Mainstream reporters tend to see both liberal and right-wing critics as a bunch of whiners who “just don’t get it.” And in many cases, they’re right. But being mainstream reporters, they tend to believe–nay, know–that they are always right. In fact, journalism is just about the only field whose practitioners routinely justify themselves on the basis of the fact that they receive criticism from “both sides.” The possibility that they might be screwing up in two (or more) ways simultaneously appears to be beyond their imaginative capabilities.
During the past generation, these same mainstream journalists have lurched to the right, thanks in large measure to an extremely well-funded, well-organized and well-disciplined conservative political assault comprising, essentially, two tactics: a willingness (and ability) to make life miserable for those who don’t go along, and a determination to shape the zeitgeist in such a way that those who do go along may not even know they’re doing so. In other words, what Tony Soprano cannot accomplish, leave to Antonio Gramsci.
While most fair-minded observers ought to agree with the above, particularly in light of the rise of the far-right media empire of Rupert, Rush, O’Reilly and talk-radio, etc., it’s still pretty difficult to prove. Most academic studies of media content are compromised because even with the best intentions, it’s impossible to control for independent political variables. As for the decades-old studies purporting to show that reporters vote Democratic: When not biased in the first place, they tell us nothing about the content of the news. A number of Rupert Murdoch’s top lieutenants claim to be liberal Democrats–a lot that matters!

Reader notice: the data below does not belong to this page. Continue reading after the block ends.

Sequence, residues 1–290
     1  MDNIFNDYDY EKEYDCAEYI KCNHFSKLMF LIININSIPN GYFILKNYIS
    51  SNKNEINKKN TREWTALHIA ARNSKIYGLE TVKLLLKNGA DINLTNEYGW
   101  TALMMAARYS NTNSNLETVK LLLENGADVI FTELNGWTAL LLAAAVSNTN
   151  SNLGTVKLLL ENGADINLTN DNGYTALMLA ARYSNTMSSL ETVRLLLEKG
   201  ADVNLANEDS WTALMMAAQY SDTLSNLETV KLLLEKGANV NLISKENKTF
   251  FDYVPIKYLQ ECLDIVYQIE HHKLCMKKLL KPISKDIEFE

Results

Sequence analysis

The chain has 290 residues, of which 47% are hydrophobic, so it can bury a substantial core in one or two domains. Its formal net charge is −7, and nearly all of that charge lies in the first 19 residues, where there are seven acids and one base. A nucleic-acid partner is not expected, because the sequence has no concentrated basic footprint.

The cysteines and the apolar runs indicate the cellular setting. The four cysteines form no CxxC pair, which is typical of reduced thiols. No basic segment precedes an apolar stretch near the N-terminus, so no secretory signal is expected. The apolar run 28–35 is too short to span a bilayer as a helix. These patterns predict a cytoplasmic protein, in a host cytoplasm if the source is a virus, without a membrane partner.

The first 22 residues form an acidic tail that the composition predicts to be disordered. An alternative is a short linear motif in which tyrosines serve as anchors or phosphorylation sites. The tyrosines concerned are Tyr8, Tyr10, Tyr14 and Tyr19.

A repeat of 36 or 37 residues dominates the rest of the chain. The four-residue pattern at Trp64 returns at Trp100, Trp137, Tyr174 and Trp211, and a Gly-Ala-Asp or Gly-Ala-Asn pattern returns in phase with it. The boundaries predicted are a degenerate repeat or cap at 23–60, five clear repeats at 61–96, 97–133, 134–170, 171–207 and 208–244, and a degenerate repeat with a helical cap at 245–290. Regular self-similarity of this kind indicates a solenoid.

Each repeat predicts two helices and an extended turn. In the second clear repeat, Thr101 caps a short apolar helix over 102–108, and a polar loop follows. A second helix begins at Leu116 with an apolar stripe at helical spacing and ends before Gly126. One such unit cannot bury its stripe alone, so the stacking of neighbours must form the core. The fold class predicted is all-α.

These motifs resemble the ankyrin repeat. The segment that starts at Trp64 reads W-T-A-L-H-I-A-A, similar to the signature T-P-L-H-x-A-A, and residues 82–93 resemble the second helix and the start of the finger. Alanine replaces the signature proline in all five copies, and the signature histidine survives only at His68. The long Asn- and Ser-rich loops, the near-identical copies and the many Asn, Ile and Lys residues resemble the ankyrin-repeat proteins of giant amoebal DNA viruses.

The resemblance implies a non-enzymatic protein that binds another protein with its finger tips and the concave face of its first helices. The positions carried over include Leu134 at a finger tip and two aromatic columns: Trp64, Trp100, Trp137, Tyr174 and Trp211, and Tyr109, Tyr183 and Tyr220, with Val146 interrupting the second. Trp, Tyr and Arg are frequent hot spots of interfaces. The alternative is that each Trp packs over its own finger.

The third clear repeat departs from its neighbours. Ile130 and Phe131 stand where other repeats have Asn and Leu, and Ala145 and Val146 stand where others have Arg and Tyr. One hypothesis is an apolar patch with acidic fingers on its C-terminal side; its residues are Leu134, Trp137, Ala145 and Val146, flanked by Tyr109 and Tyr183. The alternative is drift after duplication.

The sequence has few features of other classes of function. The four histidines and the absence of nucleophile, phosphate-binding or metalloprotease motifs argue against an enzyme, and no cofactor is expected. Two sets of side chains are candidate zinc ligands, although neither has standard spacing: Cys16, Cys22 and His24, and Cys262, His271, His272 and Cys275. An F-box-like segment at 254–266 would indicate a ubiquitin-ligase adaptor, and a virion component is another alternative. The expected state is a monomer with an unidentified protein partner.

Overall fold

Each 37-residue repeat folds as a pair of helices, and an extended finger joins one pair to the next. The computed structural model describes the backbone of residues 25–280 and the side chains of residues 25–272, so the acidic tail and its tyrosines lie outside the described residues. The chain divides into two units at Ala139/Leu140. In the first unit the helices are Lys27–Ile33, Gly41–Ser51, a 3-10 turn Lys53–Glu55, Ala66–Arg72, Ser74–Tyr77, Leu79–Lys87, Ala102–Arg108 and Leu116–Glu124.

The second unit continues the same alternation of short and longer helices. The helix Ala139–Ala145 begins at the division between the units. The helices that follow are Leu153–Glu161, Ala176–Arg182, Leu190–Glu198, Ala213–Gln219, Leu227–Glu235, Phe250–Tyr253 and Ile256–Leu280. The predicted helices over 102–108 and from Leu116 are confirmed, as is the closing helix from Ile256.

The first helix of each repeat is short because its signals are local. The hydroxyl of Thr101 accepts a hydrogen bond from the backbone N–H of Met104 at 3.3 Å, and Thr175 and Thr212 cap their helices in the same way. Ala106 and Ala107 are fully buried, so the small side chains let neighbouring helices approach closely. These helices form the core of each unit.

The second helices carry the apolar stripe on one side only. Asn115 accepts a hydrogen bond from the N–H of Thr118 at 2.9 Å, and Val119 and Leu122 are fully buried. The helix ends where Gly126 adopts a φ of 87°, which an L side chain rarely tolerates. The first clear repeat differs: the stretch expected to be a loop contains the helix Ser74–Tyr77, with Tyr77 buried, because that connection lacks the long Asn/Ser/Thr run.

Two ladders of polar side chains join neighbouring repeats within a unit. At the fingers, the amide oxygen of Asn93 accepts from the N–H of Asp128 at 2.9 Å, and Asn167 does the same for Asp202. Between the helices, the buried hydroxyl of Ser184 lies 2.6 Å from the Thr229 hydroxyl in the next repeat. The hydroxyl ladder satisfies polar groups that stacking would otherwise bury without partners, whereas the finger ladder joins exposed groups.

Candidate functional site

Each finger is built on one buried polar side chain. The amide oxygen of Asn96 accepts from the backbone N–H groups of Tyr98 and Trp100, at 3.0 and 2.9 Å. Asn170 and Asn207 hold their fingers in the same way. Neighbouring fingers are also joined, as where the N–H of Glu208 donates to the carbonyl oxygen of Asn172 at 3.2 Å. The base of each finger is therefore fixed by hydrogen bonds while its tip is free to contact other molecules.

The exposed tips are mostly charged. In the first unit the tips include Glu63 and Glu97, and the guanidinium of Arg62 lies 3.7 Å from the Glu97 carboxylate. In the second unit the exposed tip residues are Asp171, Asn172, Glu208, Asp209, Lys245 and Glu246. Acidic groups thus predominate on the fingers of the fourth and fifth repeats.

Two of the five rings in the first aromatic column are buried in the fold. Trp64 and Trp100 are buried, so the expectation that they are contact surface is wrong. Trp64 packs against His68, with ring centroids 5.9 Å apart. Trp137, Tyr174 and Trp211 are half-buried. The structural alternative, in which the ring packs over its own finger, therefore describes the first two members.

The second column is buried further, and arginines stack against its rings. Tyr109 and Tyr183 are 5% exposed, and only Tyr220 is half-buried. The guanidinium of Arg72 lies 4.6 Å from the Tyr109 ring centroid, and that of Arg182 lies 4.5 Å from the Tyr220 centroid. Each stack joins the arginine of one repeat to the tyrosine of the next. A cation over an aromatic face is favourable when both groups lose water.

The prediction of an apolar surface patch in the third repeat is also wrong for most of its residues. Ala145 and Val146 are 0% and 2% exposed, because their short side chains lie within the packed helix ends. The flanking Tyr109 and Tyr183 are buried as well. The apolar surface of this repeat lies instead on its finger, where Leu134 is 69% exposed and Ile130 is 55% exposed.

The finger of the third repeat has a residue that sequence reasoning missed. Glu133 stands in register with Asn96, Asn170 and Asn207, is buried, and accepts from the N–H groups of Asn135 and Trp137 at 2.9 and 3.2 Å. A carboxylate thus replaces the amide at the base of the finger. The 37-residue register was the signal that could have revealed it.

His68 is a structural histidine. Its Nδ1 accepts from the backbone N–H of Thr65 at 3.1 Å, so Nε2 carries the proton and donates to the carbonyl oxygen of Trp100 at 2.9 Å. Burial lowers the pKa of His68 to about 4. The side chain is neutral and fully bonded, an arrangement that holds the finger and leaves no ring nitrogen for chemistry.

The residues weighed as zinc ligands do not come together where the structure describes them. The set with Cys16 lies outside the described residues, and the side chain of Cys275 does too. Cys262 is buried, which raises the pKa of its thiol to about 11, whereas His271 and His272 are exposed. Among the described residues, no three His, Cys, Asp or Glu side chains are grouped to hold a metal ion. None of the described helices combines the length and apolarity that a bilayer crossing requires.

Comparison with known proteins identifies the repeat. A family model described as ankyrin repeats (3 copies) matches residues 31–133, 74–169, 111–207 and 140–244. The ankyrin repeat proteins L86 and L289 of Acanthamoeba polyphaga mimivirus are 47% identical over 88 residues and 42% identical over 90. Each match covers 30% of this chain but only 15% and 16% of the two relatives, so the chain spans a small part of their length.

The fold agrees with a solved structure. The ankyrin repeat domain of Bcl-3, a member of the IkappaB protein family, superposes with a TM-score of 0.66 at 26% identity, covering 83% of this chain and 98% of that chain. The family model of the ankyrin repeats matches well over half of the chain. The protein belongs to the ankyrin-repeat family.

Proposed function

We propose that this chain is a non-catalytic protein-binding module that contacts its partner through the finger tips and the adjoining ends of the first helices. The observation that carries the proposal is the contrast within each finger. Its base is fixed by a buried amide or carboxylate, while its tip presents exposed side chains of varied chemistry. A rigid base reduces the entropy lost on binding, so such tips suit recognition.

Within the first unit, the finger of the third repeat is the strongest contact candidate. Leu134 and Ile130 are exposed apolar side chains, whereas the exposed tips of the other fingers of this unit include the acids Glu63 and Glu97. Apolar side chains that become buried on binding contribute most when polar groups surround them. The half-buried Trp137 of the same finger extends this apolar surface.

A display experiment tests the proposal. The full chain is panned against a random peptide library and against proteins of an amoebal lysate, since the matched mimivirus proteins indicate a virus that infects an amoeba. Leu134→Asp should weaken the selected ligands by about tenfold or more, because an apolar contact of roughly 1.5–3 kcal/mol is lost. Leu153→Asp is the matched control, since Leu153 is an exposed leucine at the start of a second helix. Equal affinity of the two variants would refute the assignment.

All this is reason to welcome the new study by David Brock’s Media Matters for America, titled If It’s Sunday, It’s Conservative. MMA conducted a content analysis of ABC’s This Week with George Stephanopoulos, CBS’s Face the Nation and NBC’s Meet the Press, classifying each one of the nearly 7,000 guests from Bill Clinton’s second term, George W. Bush’s first term and 2005 as either Democrat, Republican, conservative, progressive or neutral. Its key finding: “The balance between Democrats/progressives and Republicans/conservatives was roughly equal during Clinton’s second term, with a slight edge toward Republicans/conservatives: 52 percent of the ideologically identifiable guests were from the right, and 48 percent were from the left. But in Bush’s first term, Republicans/conservatives held a dramatic advantage, outnumbering Democrats/progressives by 58 percent to 42 percent. In 2005 the figures were an identical 58 percent to 42 percent.” And remember, this study doesn’t include Fox!
In addition, “more panels tilted right (a greater number of Republicans/conservatives than Democrats/progressives) than tilted left” for every single year of the study. In some years the gap was as high as four to one. Moreover, Congressional opponents of the Iraq War were all but banished from the Sunday shows, particularly in the period just before it was launched.